The Diamondbacks likely would take a lesser return for 35-year-old Zack Greinke from a team that is willing to pick up most of the nearly $93 million left on his contract through 2021. MacPhail said Phillies ownership is open to taking on salary if it helps improve the roster. [philly.com]
So, is MacPhail making the right call here? Justin Klugh of The Good Phight weighs in...
You probably expected this. I did. It’s not the worst thing, it just doesn’t feel like the right thing. Yet. And it feels a little more like the right thing when you consider the circumstances.
Like I said, there’s good players on this team. There just are. Their 2019 numbers may not indicate that yet, but they were acquired because they [points at everyone’s statistics] have been good, and are young enough that they will be again. The Phillies not making a “big” trade doesn’t mean they won’t make the “right” trade, either. I could cite Joe Blanton here, but I won’t. I could, though. Because they’d wanted C.C. Sabathia in 2008, but had to settle for Blanton. Instead, Pat Gillick made a smaller move that wound up working out. Looks I’m citing him. Sorry.
Of course, it’s not the offense that people point to as the most tender part of this team. That would be the starting pitching, though on that side of things, the “wait-and-see” approach looks to have paid off in the form of Aaron Nola. The presumed Phillies ace struggled for almost the entirety of the season’s first half, but his last four starts have permitted us to trumpet that he has returned: 34 SO and 2 ER in his last 29.2 IP (vs. the 4.89 ERA he’d carried into that stretch and only four visits to the seventh inning in 15 starts).
As we’ve repeated leading up to the trade deadline, the Phillies are shopping without a full wallet, prospect-wise, and their top options—the Madison Bumgarner’s and Mike Minor’s out there—are on the bottom shelf. Or to put it more fairly, nobody out there is going to turn this team around. [thegoodphight.com]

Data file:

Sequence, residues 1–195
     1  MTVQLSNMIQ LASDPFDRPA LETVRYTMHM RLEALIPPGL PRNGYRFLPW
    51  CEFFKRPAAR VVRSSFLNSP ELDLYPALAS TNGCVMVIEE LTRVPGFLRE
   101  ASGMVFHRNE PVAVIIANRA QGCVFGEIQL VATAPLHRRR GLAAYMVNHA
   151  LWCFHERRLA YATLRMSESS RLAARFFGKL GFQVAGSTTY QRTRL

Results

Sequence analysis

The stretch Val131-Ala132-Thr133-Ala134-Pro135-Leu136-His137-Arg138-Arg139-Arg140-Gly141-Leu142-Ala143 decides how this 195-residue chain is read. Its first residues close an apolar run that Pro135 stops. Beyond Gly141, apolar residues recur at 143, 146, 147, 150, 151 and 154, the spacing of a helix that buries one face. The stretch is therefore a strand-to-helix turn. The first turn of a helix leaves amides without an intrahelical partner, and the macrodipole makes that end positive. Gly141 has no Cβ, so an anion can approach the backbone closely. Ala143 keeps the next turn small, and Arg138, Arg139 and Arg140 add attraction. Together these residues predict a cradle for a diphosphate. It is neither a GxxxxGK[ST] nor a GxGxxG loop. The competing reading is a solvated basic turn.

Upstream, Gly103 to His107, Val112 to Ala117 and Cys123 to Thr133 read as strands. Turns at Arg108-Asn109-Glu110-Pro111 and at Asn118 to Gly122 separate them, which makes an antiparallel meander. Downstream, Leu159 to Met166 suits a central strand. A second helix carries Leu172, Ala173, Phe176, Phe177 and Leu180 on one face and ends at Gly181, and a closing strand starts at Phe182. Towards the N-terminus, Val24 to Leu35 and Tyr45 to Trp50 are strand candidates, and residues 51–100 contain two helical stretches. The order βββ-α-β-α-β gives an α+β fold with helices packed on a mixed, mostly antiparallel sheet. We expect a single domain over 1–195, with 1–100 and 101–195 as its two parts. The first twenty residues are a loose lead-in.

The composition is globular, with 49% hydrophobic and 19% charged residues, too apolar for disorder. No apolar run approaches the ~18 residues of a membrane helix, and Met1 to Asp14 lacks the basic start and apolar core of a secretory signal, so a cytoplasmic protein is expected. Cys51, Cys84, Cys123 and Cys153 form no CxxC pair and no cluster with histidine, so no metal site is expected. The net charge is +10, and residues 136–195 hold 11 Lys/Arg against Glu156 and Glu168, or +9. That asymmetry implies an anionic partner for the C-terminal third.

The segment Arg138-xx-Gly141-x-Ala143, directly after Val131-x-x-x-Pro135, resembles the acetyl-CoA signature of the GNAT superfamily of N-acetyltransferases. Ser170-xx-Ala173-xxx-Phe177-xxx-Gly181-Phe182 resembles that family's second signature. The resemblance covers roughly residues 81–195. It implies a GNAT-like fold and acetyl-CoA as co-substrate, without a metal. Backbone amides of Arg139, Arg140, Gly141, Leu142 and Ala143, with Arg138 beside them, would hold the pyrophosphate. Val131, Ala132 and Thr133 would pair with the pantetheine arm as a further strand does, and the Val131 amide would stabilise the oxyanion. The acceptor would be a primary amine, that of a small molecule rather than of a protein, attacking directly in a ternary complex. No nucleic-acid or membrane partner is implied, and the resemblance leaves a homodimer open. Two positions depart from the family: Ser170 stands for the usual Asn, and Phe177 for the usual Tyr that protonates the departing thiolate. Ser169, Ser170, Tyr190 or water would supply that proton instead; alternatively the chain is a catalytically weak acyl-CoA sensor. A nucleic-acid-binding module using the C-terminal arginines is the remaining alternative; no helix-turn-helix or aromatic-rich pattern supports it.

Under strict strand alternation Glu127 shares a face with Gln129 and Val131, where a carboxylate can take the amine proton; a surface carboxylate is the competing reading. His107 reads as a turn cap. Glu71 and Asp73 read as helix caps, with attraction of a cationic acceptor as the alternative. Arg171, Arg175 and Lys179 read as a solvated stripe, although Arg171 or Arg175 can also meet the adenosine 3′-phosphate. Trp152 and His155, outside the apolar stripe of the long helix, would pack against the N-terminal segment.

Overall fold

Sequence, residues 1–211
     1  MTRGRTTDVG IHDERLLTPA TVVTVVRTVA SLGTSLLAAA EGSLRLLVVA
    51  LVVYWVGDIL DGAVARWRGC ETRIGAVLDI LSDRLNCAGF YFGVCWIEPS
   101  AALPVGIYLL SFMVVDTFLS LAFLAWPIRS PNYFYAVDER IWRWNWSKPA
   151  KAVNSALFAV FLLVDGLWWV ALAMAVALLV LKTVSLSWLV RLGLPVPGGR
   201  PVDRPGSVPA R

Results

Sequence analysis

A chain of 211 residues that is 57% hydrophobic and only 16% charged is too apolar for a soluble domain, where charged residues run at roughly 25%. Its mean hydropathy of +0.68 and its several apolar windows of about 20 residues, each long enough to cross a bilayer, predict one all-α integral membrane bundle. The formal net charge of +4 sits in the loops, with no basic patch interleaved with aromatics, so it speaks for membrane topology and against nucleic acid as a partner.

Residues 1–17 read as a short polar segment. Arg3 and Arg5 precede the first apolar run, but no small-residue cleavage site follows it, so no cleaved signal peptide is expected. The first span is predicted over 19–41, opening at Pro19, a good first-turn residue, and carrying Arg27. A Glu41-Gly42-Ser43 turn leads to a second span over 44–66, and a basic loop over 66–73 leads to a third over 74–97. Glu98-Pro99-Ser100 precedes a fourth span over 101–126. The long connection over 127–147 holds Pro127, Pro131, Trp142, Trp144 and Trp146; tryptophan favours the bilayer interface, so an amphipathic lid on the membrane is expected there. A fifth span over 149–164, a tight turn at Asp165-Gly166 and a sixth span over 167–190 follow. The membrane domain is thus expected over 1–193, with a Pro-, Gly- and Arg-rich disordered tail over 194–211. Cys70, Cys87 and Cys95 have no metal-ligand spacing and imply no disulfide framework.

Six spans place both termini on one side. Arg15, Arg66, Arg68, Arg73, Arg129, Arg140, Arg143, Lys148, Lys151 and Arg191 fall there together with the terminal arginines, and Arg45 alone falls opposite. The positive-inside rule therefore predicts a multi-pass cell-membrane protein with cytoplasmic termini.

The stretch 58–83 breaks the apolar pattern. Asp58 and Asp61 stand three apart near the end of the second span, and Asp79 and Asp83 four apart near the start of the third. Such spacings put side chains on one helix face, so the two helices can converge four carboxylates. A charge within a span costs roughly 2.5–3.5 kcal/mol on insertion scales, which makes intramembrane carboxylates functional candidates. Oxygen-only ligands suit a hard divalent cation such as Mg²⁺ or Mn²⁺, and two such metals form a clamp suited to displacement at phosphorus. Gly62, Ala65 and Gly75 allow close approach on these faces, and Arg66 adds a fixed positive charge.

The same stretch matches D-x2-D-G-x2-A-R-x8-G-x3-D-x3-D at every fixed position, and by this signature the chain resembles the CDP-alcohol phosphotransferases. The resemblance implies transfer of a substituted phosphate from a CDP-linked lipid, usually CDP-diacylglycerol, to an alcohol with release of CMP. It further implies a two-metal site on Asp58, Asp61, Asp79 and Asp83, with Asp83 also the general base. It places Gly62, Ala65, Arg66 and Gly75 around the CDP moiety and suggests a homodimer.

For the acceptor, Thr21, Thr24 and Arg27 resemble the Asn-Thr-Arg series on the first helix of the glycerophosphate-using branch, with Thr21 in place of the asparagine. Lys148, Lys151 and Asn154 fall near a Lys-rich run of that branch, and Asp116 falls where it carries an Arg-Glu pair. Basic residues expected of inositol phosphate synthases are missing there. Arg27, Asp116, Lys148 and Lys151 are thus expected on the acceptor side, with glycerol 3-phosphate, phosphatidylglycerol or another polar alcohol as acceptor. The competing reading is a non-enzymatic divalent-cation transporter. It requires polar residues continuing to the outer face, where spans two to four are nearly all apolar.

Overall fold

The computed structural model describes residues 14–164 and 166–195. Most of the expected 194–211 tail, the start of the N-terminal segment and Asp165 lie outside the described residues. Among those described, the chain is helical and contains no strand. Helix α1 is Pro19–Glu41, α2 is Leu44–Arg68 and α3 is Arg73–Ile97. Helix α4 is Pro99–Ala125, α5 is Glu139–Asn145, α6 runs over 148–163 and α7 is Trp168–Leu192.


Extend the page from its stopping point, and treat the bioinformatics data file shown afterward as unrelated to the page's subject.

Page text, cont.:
That last point, about the Phillies "shopping without a full wallet" is also key to remember here. The Phillies don't have the greatest pool of prospects at the moment, making it harder to part with the ones they like (which are presumably the ones that other teams would want back in a trade).
As you can see, the decision for the Phillies to play it cool at the trade deadline is about more than just the next 70-plus games.
Over at CBS Sports, Dayn Perry ranked the top 100 players in baseball for the first half of the 2019 season. This likely seemed unfathomable heading into the season — although it's not so surprising in mid-July — but the Phillies didn't have a single player in the Top 50. Furthermore, Bryce Harper did not make the cut ... at all. This season, he's slashing .256/.371/.470 with 62 RBI and 53 runs scored. Those numbers aren't terrible, but they're not quite what fans were hoping when the Phillies inked him to a 13-year, $330 million deal this offseason.
That being said, a trio of Phillies did make the list, including one of the team's prized offseason acquisitions...
97. J.T. Realmuto
Realmuto is in the discussion for best defensive catcher in baseball, and while his offensive numbers are down from last year they're still strong as catchers go.
93. Aaron Nola
Nola endured a rough start to 2019, but of late he's been flashing the skills and results that landed him third in the NL Cy Young balloting last season. Overall, he's got a 120 ERA+ in 110 2/3 innings.
54. Rhys Hoskins
Hoskins has been Philly's big bat this season. He's slashing .263/.401/.530 with 20 homers, 20 doubles, and an NL-leading 68 walks. [cbssports.com]
Over at Bleacher Report, Jacob Shafer wrote about how, despite a less-than-stellar start to his Phillies career, Harper isn't the guy who should be drawing the most ire from the fans. That should be Jake Arrieta, who hasn't come close to living up to expectations in his first year and a half with the Phillies, and doesn't seem to likely to get there during the rest of this season, as he'll either be pitching through a bone spur in his elbow or will be forced to have surgery.
Instead, Citizens Bank Park's infamous boo birds should aim their ire at a different target: Jake Arrieta.
The right-hander signed a three-year, $75 million contract with the Phillies in March 2018. That season, he posted a 3.96 ERA in 172.2 innings. Not disastrous, but far from excellent.
So far in 2019, Arrieta owns a 4.67 ERA and even worse 5.07 FIP with 0.6 WAR. And that's merely the tip of the troubling iceberg. [bleacherreport.com]